by Ian Marshall, ITTF Publications Editor
In 2002, he had come close, on that occasion when the tournament was staged in Gangneung, he had been beaten in the final by Austria’s Werner Schlager; now 15 years later, he made no mistake.
Renowned for the heavy amount of topspin imparted on the ball from the forehand immediately after the service, Timo Boll adjusted to the new plastic ball; he proved as irresistible as when the spherical object of a celluloid nature was used.
“I have the feeling, I´m gaining back my skills and abilities but I still feel I need to improve on some physical details such as the footwork. It won’t be easy playing at home at the forthcoming World Championships but I will feel more electrified than other events. I think it´s very important to have a good start and then I can improve as the tournament goes on. I can feel a big difference with the new ball. I think it´s better than the previous and you are able to play more rallies. It seems kind of chalky and has no grip on the rubber.” Timo Boll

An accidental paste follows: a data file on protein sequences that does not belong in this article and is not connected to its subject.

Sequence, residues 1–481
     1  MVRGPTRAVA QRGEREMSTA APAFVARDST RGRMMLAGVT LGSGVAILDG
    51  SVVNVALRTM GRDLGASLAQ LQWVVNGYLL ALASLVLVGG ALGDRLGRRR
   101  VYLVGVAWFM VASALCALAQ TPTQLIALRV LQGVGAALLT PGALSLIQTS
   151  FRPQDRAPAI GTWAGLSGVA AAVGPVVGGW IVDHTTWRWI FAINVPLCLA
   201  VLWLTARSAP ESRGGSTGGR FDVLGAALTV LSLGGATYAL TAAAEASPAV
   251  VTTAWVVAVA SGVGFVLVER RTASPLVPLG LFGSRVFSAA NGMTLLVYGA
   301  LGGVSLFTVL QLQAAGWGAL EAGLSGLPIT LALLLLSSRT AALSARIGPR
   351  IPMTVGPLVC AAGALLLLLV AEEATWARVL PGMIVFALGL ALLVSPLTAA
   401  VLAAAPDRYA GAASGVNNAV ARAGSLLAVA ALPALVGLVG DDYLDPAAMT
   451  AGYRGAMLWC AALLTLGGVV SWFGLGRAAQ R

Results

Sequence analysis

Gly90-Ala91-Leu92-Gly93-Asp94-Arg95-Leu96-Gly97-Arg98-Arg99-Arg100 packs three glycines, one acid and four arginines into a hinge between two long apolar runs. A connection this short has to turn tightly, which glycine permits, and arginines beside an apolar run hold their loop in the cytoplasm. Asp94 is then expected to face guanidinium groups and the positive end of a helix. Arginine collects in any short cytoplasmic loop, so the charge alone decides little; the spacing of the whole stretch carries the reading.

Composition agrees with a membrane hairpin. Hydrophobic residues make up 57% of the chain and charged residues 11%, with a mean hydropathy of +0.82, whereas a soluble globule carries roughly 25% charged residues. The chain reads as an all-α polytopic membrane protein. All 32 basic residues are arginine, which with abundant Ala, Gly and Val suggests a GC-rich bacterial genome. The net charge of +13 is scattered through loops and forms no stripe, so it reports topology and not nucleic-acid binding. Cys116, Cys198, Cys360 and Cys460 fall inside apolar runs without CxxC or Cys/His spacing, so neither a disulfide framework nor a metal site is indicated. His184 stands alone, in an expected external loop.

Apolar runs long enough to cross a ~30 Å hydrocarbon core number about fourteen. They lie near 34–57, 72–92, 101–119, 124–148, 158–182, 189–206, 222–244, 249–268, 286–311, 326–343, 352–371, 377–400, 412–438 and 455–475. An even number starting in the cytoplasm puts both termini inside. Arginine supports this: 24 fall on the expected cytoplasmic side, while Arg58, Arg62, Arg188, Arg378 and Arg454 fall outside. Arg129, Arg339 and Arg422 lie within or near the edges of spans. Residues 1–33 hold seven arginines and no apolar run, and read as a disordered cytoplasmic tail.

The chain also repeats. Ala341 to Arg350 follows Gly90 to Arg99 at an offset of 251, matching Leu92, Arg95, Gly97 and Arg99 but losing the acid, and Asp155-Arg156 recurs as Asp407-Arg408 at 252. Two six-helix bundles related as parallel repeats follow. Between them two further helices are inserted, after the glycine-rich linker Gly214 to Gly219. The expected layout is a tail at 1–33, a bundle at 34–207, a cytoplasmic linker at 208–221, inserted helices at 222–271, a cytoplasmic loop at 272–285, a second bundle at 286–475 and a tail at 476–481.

Notably in Incheon Timo Boll was competing in no less than his 27th ITTF World Tour Men’s Singles final, it is the 19th time he has emerged success and thus he moves ever closer to the now retired Chinese duo of Ma Lin and Wang Liqin on the all-time list.
Ma Lin, in fourth place, emerged successful on 20 occasions; Wang Liqin one more, he won 21 times. They trail Vladimir Samsonsov of Belarus who has 26 ITTF World Tour Men’s Singles titles to his name; three ahead of China’s Ma Long who has emerged 23 times the champion.
Success for Timo Boll and it is a return to winning ways; his most recent ITTF World Tour Men’s Singles title was seven years ago. In July 2010, he beat the host nation’s Jun Mizutani to secure the top prize in the city of Kobe.
Defeat for Patrick Franziska but two runners up spots, earlier the Men’s Doubles silver medallist in partnership with Denmark’s Jonathan Groth, he could reflect on a very successful tournament.
Furthermore, he started and finished the tournament shaking hands with the same player; four days earlier in Patrick Franziska’s opening contest in the qualification tournament, the advisor sitting courtside had been a certain Timo Boll.